It was my first time doing the red carpet as a professional photographer. You can just imagine how exciting it was.
Doing something the first time is special. You know, getting your drivers license, kissing, making love, giving birth and you get the picture.
Today I had the privilege and pleasure of shooting 'The Next Three Days', a drama staring my friend Russell Crowe.
The shoot wasn't without incident either, such is the often the case in the world of photography.
Oh, I got my own 'get out of jail' cards too, pun intended. My flash malfunctioned during the shoot and another photographer helped fix it. I also fell behind schedule, and once again my very good friend and agent, Greg Tingle came to the rescue, helping me edit my article, while I edited photos. Then we relaxed for the night, phones off, and no, there's no photographs of us relaxing either. Even in the life of a photographer (or media person in general) some things are always supposed to remain private and not be exploited by the press, as happened to me at a very sensitive gathering I went to a couple of months ago. You will have to read my upcoming book for the full story on that. Just ask Russell Crowe about privacy, or lack there of. Crowe is indeed a person who has also had quite the love - hate relationship with photographers over the years, as if you didn't know.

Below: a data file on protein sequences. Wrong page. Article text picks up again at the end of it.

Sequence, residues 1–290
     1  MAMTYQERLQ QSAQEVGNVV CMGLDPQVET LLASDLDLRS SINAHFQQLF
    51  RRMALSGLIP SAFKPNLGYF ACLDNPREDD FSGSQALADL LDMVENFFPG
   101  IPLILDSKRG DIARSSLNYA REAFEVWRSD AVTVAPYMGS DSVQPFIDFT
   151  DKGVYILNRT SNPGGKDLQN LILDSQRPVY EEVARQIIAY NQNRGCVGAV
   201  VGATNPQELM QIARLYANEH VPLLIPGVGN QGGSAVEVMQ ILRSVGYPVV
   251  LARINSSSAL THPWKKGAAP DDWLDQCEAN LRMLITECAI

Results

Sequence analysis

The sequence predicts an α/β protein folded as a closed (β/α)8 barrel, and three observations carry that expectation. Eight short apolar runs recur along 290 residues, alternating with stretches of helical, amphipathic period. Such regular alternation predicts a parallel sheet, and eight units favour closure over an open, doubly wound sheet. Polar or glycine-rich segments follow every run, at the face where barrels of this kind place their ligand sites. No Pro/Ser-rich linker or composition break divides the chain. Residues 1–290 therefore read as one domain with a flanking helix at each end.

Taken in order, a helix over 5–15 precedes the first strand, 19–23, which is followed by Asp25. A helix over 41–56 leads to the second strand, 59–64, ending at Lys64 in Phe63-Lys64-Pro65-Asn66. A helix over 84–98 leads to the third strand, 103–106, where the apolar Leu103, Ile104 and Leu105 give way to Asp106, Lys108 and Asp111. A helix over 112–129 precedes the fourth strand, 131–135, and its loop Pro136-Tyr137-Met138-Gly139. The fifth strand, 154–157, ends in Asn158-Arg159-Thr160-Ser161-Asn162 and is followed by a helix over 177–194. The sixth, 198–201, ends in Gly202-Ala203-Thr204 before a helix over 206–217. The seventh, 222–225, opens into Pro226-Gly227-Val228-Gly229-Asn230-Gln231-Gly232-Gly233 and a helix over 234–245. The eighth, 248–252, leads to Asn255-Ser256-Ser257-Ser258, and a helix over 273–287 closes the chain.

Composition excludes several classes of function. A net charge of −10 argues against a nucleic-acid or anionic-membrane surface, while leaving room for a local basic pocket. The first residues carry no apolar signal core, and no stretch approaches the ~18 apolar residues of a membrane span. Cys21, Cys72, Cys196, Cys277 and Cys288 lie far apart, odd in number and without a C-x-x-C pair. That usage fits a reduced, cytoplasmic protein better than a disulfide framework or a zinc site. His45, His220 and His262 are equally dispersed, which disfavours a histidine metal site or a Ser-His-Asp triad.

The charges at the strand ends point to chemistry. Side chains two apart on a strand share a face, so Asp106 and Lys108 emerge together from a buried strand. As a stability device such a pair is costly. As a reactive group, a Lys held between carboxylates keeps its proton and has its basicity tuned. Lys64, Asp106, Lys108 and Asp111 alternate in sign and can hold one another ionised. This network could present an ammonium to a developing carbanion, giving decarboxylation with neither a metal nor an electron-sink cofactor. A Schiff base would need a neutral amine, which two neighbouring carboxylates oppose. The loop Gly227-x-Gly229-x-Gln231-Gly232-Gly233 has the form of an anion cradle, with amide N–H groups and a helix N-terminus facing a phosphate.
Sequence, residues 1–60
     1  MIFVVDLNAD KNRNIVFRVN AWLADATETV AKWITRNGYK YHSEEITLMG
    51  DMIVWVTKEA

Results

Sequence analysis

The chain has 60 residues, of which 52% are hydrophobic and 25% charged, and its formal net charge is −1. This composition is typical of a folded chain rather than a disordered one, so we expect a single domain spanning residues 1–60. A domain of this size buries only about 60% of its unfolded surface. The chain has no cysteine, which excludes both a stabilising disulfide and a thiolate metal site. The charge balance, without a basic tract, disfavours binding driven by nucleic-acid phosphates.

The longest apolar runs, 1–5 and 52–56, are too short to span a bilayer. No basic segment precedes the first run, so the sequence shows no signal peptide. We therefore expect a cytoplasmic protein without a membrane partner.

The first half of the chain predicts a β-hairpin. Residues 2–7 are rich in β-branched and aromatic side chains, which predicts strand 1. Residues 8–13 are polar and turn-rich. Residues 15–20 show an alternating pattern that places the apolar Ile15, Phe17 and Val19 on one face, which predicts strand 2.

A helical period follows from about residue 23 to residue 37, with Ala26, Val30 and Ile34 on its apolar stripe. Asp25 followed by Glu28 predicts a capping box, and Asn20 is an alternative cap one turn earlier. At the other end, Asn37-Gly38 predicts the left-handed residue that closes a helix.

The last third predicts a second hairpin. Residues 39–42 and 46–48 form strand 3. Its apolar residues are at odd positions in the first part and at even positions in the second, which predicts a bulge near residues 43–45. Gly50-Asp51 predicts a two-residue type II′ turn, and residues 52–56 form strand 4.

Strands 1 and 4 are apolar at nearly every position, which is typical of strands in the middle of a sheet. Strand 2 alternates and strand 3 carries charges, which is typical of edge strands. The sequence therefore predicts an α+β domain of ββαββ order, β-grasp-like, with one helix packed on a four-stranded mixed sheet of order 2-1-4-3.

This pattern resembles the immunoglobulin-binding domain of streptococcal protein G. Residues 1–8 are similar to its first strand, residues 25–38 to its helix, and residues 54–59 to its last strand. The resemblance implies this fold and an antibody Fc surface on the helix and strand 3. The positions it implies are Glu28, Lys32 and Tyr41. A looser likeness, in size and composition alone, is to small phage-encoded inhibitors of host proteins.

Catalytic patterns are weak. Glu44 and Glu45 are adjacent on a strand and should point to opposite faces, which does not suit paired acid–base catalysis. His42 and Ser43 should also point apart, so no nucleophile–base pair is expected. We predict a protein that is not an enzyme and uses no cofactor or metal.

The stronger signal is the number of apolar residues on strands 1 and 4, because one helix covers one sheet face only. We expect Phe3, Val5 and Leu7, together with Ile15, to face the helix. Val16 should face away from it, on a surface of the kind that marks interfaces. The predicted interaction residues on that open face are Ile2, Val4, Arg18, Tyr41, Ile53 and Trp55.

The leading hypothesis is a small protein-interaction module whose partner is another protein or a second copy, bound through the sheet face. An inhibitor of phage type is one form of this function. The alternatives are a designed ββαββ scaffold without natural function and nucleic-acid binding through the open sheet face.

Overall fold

That's right, you also want to know about the movie!
A normal married couple's life is turned upside down when Lara Brennan (Elizabeth Banks) is accused of a murder. Three years into her sentence, Lara's husband John (Russell Crowe) is struggling to keep their family together and, realizing his wife's deteriorating condition, he decides to break her out of prison. That's where the real action begins.
Oh, some people ask me of what media film I like... 'One Hour Photo' starting Robin Williams... it's one classic example of what photography is not supposed to be about. Paparazzi staring Cole Hauser and directed by Paul Abascal is also highly recommended. Rest assured I'm trying my best to set an example of what photography is supposed to represent. See you back on the red carpet soon.